At one point or another, Mandelbaum suggests that dozens of factors contribute to the requisite social infrastructure. Among the factors that he treats as helping decide which regime takes root are: the preexisting political culture; the level of trust and willingness to compromise; changes in the culture including as affected by the international demonstration effect of other countries; fashionable ideologies; geopolitics and the domestic power structures they can create; industrialization; British colonialism; the degree and kind of nationalism present; the level of income; the degree of diversification of the economy; and citizens' appreciation of human rights and civil liberties. Also, "the role of individuals" like Nehru matters. And elsewhere: "two world wars determined which countries would be democracies." And: "The school for democracy was the free-market economy."
One has to sympathize with a list like this, because it is not easy to think of a factor that some piece of political science research has not suggested affects democracy's prospects. And it is plausible that each of these factors does matter. So it is no surprise that Mandelbaum is not discomfited analytically when democracy emerges and survives even when virtually all of the relevant causal factors he touches on are absent, as they were in Eastern and East-Central Europe when Communism collapsed.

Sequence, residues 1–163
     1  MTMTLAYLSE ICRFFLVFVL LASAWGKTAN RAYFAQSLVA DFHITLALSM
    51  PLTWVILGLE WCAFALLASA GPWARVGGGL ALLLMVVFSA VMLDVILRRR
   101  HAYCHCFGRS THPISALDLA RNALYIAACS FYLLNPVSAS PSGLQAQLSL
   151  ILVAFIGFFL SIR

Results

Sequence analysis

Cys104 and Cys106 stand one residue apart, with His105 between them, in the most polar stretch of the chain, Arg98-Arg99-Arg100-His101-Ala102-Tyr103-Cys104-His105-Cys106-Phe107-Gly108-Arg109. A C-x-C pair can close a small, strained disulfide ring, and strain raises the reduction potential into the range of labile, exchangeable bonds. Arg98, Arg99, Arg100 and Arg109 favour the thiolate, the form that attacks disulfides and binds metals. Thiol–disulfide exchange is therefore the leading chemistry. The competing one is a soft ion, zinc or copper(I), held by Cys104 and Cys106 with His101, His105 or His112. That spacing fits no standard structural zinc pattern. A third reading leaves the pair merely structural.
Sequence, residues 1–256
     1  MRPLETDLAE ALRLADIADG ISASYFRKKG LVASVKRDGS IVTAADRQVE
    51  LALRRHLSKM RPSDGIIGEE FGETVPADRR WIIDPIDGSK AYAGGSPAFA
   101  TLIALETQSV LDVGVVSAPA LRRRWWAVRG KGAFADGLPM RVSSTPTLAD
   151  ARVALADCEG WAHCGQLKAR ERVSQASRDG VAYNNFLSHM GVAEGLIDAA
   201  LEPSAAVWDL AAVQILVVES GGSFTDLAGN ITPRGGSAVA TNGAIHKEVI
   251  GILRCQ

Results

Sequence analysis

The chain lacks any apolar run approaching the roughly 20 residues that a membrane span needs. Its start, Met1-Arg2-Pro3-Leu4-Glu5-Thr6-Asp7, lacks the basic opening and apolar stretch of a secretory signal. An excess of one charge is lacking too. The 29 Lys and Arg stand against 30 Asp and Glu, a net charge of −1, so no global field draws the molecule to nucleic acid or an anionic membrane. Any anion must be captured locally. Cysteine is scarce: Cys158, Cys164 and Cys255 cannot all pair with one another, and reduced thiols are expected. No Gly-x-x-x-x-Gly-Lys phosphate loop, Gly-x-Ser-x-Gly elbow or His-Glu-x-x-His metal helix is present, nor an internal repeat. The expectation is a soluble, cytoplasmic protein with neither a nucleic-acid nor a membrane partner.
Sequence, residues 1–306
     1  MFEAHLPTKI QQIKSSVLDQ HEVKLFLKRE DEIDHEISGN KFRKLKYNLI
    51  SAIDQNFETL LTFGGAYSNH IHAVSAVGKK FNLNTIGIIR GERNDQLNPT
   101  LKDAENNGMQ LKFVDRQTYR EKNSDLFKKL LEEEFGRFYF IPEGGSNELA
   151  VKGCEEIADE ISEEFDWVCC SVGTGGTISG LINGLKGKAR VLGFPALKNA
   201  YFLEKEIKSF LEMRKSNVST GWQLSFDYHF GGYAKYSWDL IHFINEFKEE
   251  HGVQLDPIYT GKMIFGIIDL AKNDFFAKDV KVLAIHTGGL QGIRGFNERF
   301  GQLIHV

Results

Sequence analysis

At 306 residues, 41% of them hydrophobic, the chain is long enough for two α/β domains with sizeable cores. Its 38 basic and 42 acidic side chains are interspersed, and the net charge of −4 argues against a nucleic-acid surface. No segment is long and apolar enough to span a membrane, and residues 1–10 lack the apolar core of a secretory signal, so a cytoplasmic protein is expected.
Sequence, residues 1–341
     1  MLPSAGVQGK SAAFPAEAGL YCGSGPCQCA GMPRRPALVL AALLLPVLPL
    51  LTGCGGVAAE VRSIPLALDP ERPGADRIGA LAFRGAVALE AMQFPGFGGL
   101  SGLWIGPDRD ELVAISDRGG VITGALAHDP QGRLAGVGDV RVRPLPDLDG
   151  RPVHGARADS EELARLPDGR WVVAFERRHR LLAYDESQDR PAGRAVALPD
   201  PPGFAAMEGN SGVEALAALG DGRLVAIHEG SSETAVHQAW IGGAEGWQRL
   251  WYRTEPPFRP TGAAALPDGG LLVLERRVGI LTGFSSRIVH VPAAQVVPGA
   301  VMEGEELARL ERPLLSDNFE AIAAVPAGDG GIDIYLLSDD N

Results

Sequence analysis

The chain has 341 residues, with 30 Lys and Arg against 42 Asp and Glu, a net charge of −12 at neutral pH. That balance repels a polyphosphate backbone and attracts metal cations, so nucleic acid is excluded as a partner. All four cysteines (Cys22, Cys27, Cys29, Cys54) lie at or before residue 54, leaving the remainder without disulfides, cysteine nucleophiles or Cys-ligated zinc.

One major shortcoming looms. It is striking that a book published on this topic in 2007 does not have a sizable section on Iraq. Mandelbaum devotes very modest space to that case, including less than a handful of pages in the closing section. That section seems to blame Bush administration policies (such as the failure to establish security immediately after the invasion) for reducing democracy's prospects there. But Mandelbaum then says that Iraq lacks the requisites for democracy anyway, which presumably means that Washington's specific decisions inside Iraq were basically irrelevant to this particular outcome. The Iraqi case is difficult to analyze from up-close, much the less from a distance. But this is an important gap not only because Iraq is inherently important today but also because its experience is a lens through which many Westerners, and many Arabs, are likely to view democratization for some time to come. What lessons, exactly, should we take away?
Whatever the future holds, both Anderson and Mandelbaum begin from the admirable position that a healthy West must itself start with a robust understanding of itself. Their books are steps in that direction.